case of stop) or 'start' (in the case of reboot), the transition_expire
field will be set. This value will indicate the time at which the
current transaction will time out. When the transaction has timed out,
vmadmd will force the VM into the correct state and remove the
transition.

type: integer (unix epoch timestamp)
vmtype: KVM
listable: no
create: no (will show automatically)
update: no

transition_to:

When a KVM VM is in transition from running to either 'off' (in the
case of stop) or 'start' (in the case of reboot), the transition_to
field will be set to indicate which state the VM is transitioning to.
Additionally when a VM is provisioning you may see this with a value
of 'running'.

type: string value, one of: ['stopped', 'start', 'running']
vmtype: OS,KVM
listable: no
create: no
update: no

type:

This is a virtual field and cannot be updated. It will be 'OS' when the
(brand == 'joyent*' || brand == 'sngl') and 'KVM' when the brand=='kvm'.

type: string value, one of: ['OS', 'KVM']
vmtype: OS,KVM
listable: yes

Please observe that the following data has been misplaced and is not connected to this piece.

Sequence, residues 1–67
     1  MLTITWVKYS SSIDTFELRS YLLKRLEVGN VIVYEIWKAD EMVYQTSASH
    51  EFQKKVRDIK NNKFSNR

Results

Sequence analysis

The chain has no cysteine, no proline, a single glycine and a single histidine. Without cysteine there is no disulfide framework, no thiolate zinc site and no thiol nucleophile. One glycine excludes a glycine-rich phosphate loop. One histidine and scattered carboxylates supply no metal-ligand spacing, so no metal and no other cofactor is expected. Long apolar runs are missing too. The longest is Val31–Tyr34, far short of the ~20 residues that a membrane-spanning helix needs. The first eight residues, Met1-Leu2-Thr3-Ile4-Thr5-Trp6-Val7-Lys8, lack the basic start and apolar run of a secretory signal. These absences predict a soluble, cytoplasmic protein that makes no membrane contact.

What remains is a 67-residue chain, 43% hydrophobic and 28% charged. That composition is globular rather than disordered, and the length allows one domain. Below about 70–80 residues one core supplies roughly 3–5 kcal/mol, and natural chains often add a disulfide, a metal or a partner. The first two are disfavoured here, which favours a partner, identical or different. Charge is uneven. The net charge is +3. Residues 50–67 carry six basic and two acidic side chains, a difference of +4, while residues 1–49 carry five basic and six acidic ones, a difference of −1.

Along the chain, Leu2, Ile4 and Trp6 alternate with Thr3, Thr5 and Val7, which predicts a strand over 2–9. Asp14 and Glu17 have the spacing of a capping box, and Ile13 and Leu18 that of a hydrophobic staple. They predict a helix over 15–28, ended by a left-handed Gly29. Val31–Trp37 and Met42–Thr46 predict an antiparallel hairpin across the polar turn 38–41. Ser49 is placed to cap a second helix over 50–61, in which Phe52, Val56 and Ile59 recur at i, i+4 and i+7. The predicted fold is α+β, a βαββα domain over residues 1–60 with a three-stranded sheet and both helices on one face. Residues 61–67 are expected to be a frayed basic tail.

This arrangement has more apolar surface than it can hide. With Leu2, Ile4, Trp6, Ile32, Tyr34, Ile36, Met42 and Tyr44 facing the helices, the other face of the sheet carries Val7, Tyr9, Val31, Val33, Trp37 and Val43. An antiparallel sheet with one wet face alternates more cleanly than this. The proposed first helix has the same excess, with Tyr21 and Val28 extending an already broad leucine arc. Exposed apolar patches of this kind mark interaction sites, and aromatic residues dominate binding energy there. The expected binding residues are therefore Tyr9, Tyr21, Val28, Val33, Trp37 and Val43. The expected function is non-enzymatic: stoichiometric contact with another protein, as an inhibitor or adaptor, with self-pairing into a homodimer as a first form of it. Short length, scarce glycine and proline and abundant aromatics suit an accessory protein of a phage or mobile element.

create: no, set by 'brand' property.
update: no

uuid:

This is the unique identifer for the VM. If one is not passed in with
the create request, a new UUID will be generated. It cannot be changed
after a VM is created.

type: string (UUID)
vmtype: OS,KVM
listable: yes
create: yes
update: no
default: a new one is generated

vcpus:

For KVM VMs this parameter defines the number of virtual CPUs the guest
will see. Generally recommended to be a multiple of 2.

type: integer (number of CPUs)
vmtype: KVM
listable: yes
create: KVM only
update: KVM only (requires VM reboot to take effect)
default: 1

vga:

This property allows one to specify the VGA emulation to be used by
KVM VMs. The default is 'std'. NOTE: with the Qemu bundled in SmartOS
qxl and xenfb do not work.